thread = new MyThread(getHolder(), this);
bitmap = BitmapFactory.decodeResource(getResources(), R.drawable.ball);
bitmap = bitmap.createScaledBitmap(bitmap, 10, 10, false);
// TODO Auto-generated constructor stub
}

@Override
public void surfaceChanged(SurfaceHolder holder, int format, int width,int height)
{

}
@Override
public void surfaceCreated(SurfaceHolder holder)
{

thread.setRunning(true);
thread.start();
}
@Override
public void surfaceDestroyed(SurfaceHolder holder)
{
// TODO Auto-generated method stub
boolean retry = true;
thread.setRunning(false);
while(retry)
{
try
{
thread.join();
retry = false;
}catch(Exception e)
{
e.printStackTrace();
}
}
}
public void update(Canvas canvas)
{
p.setColor(Color.BLACK);
p.setAlpha(255);
p.setStrokeWidth(1);
canvas.drawRect(0, 0, getWidth(), getHeight(), p);
/*Random r = new Random();
p.setStrokeWidth(6);
p.setColor(r.nextInt());
canvas.drawPoint(x,y, p);*/

canvas.drawBitmap(bitmap, x, y, p);
if(x >getWidth() - bitmap.getWidth() || x - bitmap.getWidth() < 0)
dx = -dx;
if(y > getHeight() - bitmap.getHeight() || y - bitmap.getHeight()< 0)
dy = -dy;

x +=dx;
y +=dy;

}

class MyThread extends Thread
{
SurfaceHolder holder;
GameBoard game;
boolean running = false;
public MyThread(SurfaceHolder holder,GameBoard game)
{
this.holder = holder;
this.game = game;
}
@Override
public void run()
{
Canvas canvas;
while (running)
{
canvas = null;
canvas = this.holder.lockCanvas(null);
if(canvas != null)
{
synchronized (this.holder)
{
this.game.update(canvas);

}
this.holder.unlockCanvasAndPost(canvas);
}

}
}
public void setRunning(boolean b)
{
this.running = b;
}
}
} 

Create an Activity say GameActivity with following content

public class GameActivity extends Activity
{
     @Override
     protected void onCreate(Bundle savedInstanceState) 
         {
           super.onCreate(savedInstanceState);
           
            setContentView(new GameBoard(this));
 }
}

Declare activity in manifest file and run the application.

notifyDataSetChanged() of adopter

While using ListView or Spinner we should take care how we are using notifyDataSetChanged() method.

By the android single thread model rule we can not access UI elements directly for another thread defined inside the activity.

Calling notifyDataSetChanged() in background thread (other than Main UI Thread) would cause as serious issue.

Either use  runOnUiThread() Or Handler (please refer post Handler Concept in Android).

 

private class ReceiverThread extends Thread {
@Override
public void run() { 
Activity_name.this.runOnUiThread(new Runnable() {

        @Override
        public void run() {
             mAdapter.notifyDataSetChanged();
        }
    });
}

 

Android Handler Concept

Handler Class in Android

All Android application starts a thread, which is  called MAIN UI Thread, All activities run inside that main thread. By the android single thread model rule we can not access UI elements (Toast, textview, progressbar status etc..) directly for another thread defined inside the activity.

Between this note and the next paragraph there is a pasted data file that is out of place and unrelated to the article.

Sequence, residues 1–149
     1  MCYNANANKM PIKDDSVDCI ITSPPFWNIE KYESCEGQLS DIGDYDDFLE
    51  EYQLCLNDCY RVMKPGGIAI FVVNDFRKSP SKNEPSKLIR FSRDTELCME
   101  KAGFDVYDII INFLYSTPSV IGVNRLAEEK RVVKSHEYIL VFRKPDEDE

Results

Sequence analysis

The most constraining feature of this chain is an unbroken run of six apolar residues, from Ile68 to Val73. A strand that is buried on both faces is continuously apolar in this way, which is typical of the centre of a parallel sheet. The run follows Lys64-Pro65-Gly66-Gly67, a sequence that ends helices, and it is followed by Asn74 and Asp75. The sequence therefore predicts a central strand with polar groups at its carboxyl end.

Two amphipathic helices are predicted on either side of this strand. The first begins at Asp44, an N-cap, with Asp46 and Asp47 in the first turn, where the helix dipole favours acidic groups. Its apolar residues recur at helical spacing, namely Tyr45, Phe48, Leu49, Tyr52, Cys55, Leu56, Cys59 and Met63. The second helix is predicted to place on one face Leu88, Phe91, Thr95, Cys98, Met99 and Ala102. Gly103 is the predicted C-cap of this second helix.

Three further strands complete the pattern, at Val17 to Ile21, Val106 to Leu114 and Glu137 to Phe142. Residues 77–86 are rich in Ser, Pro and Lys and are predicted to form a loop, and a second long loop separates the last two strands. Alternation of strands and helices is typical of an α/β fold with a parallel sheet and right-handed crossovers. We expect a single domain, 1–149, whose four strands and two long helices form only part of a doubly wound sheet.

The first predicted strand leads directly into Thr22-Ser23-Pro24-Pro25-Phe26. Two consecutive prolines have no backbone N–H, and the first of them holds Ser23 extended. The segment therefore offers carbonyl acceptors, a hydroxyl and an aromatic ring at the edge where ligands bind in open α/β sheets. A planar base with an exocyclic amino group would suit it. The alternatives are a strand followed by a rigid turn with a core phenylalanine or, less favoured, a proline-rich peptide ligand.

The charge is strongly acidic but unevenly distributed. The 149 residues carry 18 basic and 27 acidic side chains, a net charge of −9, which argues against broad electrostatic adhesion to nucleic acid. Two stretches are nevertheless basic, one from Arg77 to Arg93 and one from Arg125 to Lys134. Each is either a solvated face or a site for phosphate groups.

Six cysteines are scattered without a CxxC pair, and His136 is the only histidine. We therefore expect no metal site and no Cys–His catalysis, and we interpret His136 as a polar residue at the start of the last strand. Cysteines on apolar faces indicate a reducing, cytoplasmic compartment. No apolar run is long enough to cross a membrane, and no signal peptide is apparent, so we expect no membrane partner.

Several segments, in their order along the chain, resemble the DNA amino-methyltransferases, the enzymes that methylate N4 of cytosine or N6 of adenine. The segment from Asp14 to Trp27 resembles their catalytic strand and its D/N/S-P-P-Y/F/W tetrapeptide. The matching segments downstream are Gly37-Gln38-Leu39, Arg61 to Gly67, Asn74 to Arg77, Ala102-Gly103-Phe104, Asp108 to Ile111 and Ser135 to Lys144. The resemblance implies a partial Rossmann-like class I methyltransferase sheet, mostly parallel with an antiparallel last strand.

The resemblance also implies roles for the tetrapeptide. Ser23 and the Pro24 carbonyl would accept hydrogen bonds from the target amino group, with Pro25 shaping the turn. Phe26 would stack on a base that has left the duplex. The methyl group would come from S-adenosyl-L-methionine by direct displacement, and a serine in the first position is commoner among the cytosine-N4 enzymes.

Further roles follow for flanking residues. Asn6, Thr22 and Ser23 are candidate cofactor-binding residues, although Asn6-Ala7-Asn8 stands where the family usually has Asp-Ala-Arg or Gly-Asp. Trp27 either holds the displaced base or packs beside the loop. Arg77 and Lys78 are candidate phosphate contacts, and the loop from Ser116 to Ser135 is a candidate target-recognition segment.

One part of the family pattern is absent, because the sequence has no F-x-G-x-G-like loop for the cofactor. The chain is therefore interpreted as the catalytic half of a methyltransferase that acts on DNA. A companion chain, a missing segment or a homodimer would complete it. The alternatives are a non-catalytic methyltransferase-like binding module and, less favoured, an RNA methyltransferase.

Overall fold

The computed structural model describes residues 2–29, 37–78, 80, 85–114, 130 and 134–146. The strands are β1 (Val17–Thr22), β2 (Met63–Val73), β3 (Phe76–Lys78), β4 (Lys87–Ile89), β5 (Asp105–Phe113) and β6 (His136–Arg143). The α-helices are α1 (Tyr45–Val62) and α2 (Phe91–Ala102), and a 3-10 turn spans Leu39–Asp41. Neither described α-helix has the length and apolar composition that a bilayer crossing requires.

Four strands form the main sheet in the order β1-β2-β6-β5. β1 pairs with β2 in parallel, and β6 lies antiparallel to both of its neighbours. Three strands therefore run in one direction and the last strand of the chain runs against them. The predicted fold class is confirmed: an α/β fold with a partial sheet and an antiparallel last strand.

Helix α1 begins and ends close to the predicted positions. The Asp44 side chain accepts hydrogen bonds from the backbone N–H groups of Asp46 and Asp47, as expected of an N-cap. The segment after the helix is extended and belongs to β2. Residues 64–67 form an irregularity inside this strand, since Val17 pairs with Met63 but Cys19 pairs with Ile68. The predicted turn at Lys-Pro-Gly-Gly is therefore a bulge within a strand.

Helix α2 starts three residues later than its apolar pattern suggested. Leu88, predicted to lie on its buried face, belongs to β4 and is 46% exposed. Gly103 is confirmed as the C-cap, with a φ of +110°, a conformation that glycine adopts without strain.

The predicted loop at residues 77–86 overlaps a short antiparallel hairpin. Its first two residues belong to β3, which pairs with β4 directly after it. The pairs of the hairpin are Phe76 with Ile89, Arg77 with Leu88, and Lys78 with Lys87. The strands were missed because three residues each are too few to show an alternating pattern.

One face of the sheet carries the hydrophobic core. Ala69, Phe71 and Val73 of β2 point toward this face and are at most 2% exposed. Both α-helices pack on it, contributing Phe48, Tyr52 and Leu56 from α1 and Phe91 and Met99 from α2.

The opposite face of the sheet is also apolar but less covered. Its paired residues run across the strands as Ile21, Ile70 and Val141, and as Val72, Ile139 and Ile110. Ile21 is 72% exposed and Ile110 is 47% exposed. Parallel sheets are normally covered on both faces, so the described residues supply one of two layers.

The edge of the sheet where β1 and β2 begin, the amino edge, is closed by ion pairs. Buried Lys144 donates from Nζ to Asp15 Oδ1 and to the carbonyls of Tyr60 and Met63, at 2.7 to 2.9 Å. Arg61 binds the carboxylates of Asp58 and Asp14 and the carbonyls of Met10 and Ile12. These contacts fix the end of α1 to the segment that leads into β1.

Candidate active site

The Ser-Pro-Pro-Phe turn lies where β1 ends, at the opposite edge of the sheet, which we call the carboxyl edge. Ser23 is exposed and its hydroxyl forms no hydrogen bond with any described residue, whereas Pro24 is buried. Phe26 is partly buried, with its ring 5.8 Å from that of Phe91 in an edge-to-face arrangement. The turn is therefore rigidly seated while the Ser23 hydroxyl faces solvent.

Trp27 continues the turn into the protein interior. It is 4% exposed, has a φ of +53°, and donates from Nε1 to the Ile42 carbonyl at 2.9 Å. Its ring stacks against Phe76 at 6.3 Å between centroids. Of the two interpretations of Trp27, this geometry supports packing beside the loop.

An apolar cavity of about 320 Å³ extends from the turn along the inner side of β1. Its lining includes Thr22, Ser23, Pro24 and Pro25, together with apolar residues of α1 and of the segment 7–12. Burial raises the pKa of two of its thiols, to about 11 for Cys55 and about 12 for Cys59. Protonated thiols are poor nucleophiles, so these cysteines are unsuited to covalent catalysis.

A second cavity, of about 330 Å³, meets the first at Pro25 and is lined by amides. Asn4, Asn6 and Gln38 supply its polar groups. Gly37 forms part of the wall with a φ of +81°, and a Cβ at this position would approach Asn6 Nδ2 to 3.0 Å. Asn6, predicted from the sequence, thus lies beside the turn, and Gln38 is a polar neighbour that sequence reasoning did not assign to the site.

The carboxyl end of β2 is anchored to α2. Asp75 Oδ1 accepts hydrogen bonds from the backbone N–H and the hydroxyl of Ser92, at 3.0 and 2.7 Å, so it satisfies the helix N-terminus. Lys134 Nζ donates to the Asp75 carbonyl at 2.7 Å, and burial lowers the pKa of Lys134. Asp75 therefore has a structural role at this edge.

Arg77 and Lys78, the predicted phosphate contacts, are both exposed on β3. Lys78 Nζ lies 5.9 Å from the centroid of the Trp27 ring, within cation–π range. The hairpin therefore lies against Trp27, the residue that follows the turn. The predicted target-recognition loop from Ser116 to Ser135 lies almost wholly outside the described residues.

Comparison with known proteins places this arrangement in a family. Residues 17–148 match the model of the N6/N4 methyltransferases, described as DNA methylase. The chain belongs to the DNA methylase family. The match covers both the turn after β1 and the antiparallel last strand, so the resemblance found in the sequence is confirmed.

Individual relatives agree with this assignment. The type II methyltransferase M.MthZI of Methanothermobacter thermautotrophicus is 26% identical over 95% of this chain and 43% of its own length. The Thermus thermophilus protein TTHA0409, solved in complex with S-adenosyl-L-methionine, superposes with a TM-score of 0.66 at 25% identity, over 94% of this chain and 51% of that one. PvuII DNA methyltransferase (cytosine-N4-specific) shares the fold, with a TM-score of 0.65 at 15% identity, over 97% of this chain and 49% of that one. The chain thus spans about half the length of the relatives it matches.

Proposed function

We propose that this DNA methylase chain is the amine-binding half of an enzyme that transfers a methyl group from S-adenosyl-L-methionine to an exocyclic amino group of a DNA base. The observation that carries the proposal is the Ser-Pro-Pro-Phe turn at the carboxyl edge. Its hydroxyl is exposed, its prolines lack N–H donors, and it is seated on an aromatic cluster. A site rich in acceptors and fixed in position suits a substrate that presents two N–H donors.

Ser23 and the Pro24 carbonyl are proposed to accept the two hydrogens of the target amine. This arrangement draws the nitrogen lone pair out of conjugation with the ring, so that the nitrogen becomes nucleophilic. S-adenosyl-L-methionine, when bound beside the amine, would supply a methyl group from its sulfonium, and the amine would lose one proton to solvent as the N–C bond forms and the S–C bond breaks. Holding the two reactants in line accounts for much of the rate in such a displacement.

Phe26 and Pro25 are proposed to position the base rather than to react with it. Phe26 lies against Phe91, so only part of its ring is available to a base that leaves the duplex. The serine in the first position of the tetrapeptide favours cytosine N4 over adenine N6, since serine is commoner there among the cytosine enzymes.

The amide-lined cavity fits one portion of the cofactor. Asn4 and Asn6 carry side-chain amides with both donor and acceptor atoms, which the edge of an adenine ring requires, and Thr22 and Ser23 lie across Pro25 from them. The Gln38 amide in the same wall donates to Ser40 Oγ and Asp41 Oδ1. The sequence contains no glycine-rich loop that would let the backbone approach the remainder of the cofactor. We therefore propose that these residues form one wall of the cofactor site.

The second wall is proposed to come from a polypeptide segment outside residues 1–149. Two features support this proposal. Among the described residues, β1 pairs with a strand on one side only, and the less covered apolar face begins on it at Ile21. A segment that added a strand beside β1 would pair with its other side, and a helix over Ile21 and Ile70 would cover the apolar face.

So if we want to access UI elements by another thread then we will use  handlers.

The Handler class registers itself to a thread and provides a simple channel to other thread to send data or to communicate with this thread.

  • Handler class provides concurrency controls
  • Way to communicate and send data between the threads, without handling any extra concurrency.
  • The data which can be posted via the Handler class can be an instance of the Message or the Runnable class.

Suppose we are doing background activity and wants to update status message say Progress bar status title. Now progress bar is UI control, which is created in Main UI thread context, If we are trying to change status in another thread we will get Exception.

Best way to create subclass of Handler class inside Activity……….

// Define the Handler that receives messages from the thread and update the progress
privatefinalHandler handler = newHandler() {
 publicvoidhandleMessage(Message msg) {                           
 String aResponse = msg.getData().getString("message");
    if((null!= aResponse)) {
       // ALERT MESSAGE
        Toast.makeText(
        getBaseContext(),
        "Server Response: "+aResponse,
         Toast.LONG_LENTH);
         else
		 {
           // ALERT MESSAGE
          Toast.makeText(
          getBaseContext(),
          "Not Got Response From Server.",
            Toast.LENGTH_SHORT).show();
 			}    

     		}
};

                });
To post data to UI thread, we can do as below

         Message msgObj = handler.obtainMessage();
           Bundle b = newBundle();
           b.putString("message", msg);
           msgObj.setData(b);
           handler.sendMessage(msgObj);

Creating and reusing instances of Handlers

To use a handler you have to subclass it and override the handleMessage() method to process messages.

Your thread can post messages via the sendMessage(Message) method or via the sendEmptyMessage()method to the Handler object.

To process a Runnable you can use the post() method.

To avoid object creation you can also reuse the existing Handler object of your activity.

// Reuse existing handler if you don't 
// have to override the message processing
handler = getWindow().getDecorView().getHandler();

The View class allows you to post objects of type Runnable via the post() method.